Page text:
On 1/31/02 11:48 PM, "[EMAIL PROTECTED]"

> From: "DL Neil" <[EMAIL PROTECTED]>
> Reply-To: "DL Neil" <[EMAIL PROTECTED]>
> Date: Fri, 1 Feb 2002 16:28:16 -0000
> To: "Frank Flynn" <[EMAIL PROTECTED]>, <[EMAIL PROTECTED]>, "Garry Optland"
> Subject: Re: [PHP-DB] Re: Date operations.
> Frank,
> As yet no response from Garry, but I wanted to ask:
> You already have DateTable set up (presumably), so extending its application
> into a relationship with the
> breeding table is no big deal. Given that one suggestion was that Garry could
> consider storing monthly
> statistics in another table (from breeding), and thus saves processing each
> time/only needs to update once per
> month and presumably only for the month just passed; wouldn't it make sense
> FOR HIM to combine the two
> functions? Initially create the MonthlyStats table to contain only year and
> month data (which can be related to
> 'drive' date-oriented SELECTing), and then update/populate each month's row as
> and when the stats become
> available. It might also offer opportunities to simplify the processing
> outlined below.
> Your thoughts?
> =dn

Creating the monthly statistics and then storing them back in the DB is not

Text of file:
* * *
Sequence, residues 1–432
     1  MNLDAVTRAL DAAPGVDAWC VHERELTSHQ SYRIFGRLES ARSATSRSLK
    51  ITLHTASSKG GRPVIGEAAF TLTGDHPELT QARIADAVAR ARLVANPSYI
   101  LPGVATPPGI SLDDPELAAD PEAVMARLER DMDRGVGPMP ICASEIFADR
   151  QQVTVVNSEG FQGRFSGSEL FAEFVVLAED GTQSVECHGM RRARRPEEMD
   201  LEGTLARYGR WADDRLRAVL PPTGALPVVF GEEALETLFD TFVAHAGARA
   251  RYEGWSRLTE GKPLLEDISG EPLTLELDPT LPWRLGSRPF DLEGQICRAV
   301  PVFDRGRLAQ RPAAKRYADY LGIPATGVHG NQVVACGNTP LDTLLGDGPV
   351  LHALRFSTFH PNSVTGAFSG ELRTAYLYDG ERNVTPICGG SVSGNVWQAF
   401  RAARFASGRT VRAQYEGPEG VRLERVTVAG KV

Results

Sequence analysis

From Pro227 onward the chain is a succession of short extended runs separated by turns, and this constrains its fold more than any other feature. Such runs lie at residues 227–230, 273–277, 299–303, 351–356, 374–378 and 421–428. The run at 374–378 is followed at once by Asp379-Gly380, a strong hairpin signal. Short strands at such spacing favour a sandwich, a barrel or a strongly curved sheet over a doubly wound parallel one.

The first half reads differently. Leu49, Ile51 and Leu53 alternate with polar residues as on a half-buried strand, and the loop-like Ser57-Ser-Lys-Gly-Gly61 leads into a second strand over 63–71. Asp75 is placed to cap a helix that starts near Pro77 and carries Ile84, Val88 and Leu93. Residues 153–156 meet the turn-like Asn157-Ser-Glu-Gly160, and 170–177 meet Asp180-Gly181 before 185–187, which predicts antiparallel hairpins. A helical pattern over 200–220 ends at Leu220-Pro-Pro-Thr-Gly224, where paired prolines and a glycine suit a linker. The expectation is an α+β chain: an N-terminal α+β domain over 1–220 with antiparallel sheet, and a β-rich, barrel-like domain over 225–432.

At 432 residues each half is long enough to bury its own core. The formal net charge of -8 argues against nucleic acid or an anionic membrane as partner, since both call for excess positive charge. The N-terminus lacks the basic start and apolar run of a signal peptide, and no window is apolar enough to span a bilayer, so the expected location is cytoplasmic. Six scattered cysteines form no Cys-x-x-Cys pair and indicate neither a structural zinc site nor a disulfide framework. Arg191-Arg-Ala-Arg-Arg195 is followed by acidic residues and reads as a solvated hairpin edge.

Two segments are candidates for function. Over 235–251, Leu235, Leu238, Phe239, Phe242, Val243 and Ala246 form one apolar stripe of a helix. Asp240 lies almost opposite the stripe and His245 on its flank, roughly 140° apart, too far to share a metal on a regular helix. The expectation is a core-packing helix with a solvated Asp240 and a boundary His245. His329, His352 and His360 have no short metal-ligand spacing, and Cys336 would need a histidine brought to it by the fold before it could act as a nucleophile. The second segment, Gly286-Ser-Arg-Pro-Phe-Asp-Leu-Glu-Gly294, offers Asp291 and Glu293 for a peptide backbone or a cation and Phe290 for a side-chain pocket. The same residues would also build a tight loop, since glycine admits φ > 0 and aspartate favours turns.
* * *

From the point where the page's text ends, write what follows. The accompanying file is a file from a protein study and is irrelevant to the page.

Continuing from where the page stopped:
my favorite way to solve the problem.  It violates one of the fundamental
rules of good relational database design - that Data is stored in one place

For example: if you created the January statistics on February 1 and on
February 2 someone updates the DB with a record that affected January, then
your monthly total is wrong.  (I don't know about the rest of you but
occasionally I do get behind).

To fix this you have to check every time someone updates the 'breeding'
table (in this example) and if the dates are in the past you'll have to
recalculate the monthly total (UGLY!!).

So we'd like to calculate the daily totals and monthly averages when called
for unless there is some reason we can't (poor performance perhaps).

A DateTable with one record for each day is under 4,000 records for 10 years
of days, since you will never update or delete from it and rarely add to it
you can index the heck out of it.  SQL is build for just this kind of

Just my opinion...

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